Shattering Stigmas: Perfectionism

Cassidy Slockett

I want you to imagine a time when you felt like you weren’t good enough.

Most people, at one point or another, have experienced this – maybe you were rejected by that job you applied for, or ignored by the person you like.

Now, I want you to imagine going through every little detail in your day and feeling like you weren’t good enough. This is perfectionism. This means overthinking conversations before and after you have them. It means seeing a whole diet as a failure just because you had one bite of junk food. It makes you question whether your boyfriend’s compliment was actually genuine. I mean, how could anyone ever think you look good in those jeans?

Yet, nobody will ever tell you that you have a problem. Nobody will ever say, “Hey, can you stop trying so hard? Can you stop studying so much?”

Trying to be perfect is a glorified illusion. Sure, perfectionism helped me excel at pretty much anything I put my mind to. It helped me to get straight A’s through school. It helped me to manage to “be skinny” while ignoring my health and my hunger. It helped me win community service awards, athletic competitions, and scholarship money. But perfectionism was also there to tell me that each of these accomplishments were not sufficient. I needed to try harder, do more, be better.

Whenever I had achieved something, perfection was there to remind me to set my sights higher. This problem told me that just straight A’s wasn’t enough, so I took extra classes and joined more clubs. Perfectionism told me that my body was not thin enough, so I’d eat less and run more. It told me that just going to university wasn’t good enough, so I had to finish university at 19 years old and immediately apply for graduate school. And even still, graduating at 19 wasn’t enough, because I would never be the doctor or engineer or Olympic swimmer that my dad wanted me to be.

This feeling of never being good enough can stem from a number of factors. In the past, it was because of how I was raised. As a 7 year old, I was grounded for not swimming fast enough in a competition. As a 9 year old, I was forced to run laps around the block to “stay in shape,” even though I had a concussion and a skull fracture. As a 12 year old, I wasn’t allowed to visit the hospital for a broken toe until after school. Perfect attendance in middle school is, in fact, more important than broken bones. When I turned 13, my father began to tell me that I needed to lose weight. Not only did he want me to be an Olympic swimmer, but a super sexy one!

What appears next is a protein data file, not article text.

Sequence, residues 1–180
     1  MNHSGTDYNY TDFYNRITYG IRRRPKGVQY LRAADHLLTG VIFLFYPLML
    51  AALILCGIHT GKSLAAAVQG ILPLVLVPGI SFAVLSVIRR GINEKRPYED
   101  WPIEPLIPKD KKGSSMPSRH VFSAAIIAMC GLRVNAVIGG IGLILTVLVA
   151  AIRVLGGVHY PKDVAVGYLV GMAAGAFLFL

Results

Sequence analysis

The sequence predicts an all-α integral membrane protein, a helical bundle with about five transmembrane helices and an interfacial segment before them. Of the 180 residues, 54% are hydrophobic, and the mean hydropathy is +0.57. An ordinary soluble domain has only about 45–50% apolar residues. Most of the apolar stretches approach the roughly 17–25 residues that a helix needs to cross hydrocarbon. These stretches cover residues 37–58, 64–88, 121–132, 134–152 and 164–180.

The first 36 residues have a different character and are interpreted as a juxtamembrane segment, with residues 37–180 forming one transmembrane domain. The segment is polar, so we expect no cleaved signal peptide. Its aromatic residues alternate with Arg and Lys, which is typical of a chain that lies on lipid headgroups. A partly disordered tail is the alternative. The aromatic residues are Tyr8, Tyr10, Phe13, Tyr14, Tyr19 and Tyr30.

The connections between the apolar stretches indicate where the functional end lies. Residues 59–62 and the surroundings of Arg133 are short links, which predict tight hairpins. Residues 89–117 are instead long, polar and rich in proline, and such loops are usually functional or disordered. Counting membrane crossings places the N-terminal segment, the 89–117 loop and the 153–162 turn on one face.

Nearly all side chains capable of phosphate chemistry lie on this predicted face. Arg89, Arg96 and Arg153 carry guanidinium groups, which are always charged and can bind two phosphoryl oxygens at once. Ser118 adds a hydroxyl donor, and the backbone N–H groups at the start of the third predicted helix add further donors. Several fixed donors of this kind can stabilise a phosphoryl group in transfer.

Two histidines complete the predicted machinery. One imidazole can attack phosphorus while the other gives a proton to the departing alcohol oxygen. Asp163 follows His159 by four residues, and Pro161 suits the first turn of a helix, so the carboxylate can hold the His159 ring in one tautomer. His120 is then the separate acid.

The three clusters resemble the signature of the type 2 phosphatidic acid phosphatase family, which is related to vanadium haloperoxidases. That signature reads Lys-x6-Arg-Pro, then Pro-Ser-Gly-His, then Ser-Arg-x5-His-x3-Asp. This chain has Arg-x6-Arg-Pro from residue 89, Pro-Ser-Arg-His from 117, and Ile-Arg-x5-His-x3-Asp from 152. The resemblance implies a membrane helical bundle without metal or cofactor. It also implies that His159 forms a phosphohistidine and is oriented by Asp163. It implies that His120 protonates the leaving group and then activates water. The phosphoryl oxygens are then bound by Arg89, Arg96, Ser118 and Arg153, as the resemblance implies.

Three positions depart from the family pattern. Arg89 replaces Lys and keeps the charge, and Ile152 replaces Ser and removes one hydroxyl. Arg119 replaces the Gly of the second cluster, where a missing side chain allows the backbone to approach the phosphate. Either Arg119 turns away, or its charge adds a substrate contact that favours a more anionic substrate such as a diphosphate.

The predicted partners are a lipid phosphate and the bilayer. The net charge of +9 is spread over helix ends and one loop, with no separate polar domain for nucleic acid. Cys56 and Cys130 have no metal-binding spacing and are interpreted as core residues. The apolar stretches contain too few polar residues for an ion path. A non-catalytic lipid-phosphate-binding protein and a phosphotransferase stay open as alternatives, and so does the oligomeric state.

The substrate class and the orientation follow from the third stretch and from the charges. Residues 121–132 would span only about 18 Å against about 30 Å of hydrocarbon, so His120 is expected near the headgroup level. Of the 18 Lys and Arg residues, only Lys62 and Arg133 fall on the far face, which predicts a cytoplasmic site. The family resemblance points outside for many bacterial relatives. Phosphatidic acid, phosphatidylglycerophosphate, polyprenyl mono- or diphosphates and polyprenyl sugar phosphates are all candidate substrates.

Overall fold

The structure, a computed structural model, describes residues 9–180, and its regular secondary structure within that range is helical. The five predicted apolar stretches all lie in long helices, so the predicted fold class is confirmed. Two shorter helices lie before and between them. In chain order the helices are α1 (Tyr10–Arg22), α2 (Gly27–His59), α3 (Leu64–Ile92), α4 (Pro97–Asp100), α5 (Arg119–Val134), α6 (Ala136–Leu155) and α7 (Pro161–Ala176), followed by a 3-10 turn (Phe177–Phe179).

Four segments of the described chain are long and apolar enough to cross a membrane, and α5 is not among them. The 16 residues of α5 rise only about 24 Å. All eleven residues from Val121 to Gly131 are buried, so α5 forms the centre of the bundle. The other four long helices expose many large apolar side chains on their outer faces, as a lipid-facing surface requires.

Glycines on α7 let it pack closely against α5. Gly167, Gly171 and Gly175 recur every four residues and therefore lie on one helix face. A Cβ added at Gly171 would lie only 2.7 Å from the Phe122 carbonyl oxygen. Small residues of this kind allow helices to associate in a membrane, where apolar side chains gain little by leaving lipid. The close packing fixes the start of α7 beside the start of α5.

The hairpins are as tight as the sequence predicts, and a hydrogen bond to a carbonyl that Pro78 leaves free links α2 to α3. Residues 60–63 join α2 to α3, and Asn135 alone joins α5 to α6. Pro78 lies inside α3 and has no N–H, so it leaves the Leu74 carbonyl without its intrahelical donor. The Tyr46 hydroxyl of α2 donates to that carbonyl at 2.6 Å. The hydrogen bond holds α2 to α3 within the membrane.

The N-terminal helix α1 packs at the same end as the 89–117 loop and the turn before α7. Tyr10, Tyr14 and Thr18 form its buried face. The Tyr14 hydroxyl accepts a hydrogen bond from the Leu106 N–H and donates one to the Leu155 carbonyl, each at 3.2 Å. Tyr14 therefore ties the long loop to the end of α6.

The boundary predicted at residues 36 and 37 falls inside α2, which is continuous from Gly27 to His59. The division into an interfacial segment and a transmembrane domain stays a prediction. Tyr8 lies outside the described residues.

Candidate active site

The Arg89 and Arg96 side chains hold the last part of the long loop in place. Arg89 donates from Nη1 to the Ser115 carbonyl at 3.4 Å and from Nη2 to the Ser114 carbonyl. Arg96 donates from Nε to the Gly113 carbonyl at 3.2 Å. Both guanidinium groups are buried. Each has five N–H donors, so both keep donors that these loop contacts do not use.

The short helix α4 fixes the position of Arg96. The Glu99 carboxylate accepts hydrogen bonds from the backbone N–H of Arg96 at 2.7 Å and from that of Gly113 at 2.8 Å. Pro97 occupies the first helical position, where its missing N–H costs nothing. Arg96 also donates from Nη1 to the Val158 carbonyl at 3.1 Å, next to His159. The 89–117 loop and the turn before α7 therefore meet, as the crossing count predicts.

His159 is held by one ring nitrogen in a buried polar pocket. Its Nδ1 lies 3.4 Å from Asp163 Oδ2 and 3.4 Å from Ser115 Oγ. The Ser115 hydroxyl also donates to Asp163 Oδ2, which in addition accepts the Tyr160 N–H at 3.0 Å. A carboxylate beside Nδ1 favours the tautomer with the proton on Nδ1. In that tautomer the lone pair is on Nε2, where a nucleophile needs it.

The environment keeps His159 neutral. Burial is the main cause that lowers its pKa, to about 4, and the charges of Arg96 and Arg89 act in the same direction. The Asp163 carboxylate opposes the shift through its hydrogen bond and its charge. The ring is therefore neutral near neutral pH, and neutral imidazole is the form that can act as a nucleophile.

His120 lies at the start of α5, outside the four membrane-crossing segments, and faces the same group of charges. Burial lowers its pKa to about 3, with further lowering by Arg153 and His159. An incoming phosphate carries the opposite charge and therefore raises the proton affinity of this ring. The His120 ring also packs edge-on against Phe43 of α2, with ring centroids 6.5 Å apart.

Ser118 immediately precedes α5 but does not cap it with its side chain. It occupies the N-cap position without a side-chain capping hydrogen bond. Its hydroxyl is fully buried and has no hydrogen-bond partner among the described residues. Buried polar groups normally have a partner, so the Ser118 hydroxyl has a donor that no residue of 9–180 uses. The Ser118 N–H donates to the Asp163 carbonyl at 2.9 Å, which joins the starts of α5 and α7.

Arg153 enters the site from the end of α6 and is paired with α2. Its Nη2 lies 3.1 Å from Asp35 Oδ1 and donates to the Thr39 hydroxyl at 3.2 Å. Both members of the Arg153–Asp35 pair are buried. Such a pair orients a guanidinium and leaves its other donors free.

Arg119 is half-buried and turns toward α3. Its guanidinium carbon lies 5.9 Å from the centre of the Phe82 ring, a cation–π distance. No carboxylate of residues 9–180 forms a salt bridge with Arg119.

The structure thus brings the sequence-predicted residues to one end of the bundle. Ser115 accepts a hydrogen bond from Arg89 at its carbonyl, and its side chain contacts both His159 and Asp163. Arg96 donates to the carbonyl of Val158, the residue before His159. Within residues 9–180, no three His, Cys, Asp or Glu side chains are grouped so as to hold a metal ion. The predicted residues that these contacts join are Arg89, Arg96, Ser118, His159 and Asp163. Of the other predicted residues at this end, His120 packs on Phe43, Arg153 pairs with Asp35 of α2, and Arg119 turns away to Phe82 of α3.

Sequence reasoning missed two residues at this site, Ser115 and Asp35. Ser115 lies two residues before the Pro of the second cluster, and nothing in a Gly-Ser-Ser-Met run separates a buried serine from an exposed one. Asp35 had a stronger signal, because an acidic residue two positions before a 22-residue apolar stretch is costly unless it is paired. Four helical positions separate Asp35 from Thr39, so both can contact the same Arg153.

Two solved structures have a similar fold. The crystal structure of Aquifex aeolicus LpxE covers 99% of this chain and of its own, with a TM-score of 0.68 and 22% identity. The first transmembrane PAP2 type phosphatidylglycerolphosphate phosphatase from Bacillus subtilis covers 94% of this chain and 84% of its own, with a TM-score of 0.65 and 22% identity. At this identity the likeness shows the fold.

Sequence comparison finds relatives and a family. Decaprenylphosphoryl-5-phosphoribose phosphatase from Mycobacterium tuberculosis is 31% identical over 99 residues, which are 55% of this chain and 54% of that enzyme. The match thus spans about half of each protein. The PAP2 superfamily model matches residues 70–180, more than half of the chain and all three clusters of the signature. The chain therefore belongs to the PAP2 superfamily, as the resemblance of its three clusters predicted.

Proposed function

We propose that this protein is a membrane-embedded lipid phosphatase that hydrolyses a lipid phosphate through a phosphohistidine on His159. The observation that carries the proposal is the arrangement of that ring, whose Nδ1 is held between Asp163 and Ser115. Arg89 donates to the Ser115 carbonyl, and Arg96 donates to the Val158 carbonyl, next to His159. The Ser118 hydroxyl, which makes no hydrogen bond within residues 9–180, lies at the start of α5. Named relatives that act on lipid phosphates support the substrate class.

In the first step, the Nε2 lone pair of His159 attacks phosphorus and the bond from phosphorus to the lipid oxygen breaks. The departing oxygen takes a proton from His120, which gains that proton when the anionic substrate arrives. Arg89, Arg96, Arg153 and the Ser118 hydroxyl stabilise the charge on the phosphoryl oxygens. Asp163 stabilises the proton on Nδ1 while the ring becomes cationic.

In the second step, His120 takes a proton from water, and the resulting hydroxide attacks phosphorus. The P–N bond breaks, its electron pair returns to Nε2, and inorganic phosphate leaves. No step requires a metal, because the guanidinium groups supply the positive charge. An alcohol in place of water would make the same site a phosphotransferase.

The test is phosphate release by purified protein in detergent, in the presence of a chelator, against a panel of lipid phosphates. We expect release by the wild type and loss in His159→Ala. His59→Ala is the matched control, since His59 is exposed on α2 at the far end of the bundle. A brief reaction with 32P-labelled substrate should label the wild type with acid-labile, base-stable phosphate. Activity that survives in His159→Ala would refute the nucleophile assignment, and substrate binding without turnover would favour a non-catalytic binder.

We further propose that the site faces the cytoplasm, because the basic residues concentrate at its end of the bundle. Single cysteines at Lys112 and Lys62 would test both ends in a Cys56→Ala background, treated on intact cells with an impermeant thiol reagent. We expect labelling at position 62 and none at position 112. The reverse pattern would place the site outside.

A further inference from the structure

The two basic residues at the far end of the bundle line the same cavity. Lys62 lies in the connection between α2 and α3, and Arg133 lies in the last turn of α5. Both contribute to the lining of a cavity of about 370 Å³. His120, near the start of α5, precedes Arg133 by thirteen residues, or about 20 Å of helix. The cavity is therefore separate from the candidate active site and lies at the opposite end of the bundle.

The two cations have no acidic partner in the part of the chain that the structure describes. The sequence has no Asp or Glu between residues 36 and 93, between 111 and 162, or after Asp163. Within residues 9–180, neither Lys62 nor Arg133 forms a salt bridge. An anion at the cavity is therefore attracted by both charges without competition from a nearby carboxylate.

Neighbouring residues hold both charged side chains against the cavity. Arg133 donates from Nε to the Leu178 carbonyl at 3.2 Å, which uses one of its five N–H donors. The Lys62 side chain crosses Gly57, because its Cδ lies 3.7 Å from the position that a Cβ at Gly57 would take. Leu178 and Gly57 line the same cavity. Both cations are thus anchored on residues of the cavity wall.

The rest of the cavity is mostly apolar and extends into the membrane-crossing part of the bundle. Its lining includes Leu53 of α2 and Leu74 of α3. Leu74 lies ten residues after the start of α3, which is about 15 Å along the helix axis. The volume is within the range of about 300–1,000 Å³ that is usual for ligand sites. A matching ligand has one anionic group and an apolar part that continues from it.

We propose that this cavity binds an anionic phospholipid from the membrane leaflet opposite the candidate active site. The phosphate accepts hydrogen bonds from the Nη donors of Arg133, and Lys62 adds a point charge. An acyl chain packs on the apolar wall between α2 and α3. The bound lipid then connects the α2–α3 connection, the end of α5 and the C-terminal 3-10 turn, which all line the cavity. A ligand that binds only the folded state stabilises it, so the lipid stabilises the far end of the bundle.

I learned from a young age that I could only receive my dad’s “love” and approval if I was exactly the person he wanted me to be – which I quickly realized, I wasn’t. Nonetheless, it took me much too long to learn that this was not actually my fault. Somewhere in all of this mess, I do still believe that my parents just wanted what was best for me.

At some point though, these rigid expectations stopped being my parents demands, and turned into the voice inside my head, incessantly reminding me that I will never be good enough.

I am learning that I cannot continue to sustain this way of life. I am learning to believe that I actually am enough. There really is nothing beneficial to dragging yourself from class to class after being in the hospital all night – just to say you had perfect attendance. There is nothing wrong with taking five or six years to graduate university. And trust me, I feel no better for doing it in two. In fact, I regret having rushed through the best time of my life. If anything, I’ve learned that people don’t actually see my accomplishments as impressive. They just look down on me for being so young.

So how do you move past this? How can you finally accept that you actually are good enough?

I have been told that you have to look at yourself in the mirror and stop seeing yourself as parts. You must instead see yourself as a whole, made up of little bits and pieces that are not inherently good or evil (pretty or ugly, really). You are not good, nor bad. You are not perfect and you are not a failure. You are too complex to be labeled this quickly. This is okay, because life is not lived in black and white.

The only way to “get better” from trying to be perfect is to let go – imperfectly. Isn’t it the funniest thing, that, the only way out of perfectionism is to imperfectly stumble and fight your way out?

I have been told to take my “failures” as learning opportunities. Being a doctor didn’t work out. Am I sad? At one point, yes, I was upset I wasn’t smart enough. But, thank god I’m not a doctor. I’d be miserable.

You must learn to put your health before work. This means skipping class because you are sick. This means going to sleep at a reasonable hour instead of studying all night.

Most of all, you must make time for your relationships every day. You must learn to treasure those who do love you and who do care about you, and stop looking for love in family members who are incapable of giving it. You must care for these people like you want them to care for you. And please, never expect for them to be perfect. They will make mistakes, but it doesn’t mean they love you any less.

I am far from perfect and I am working each and every day to get better, by being less perfect. I am learning to stand up for myself, to show myself love and compassion, and to spend a little more time cherishing my friends and a little less time ignoring my health. I am also hoping, perhaps, that in writing this, there is at least one person out there who now feels just a little bit less alone.


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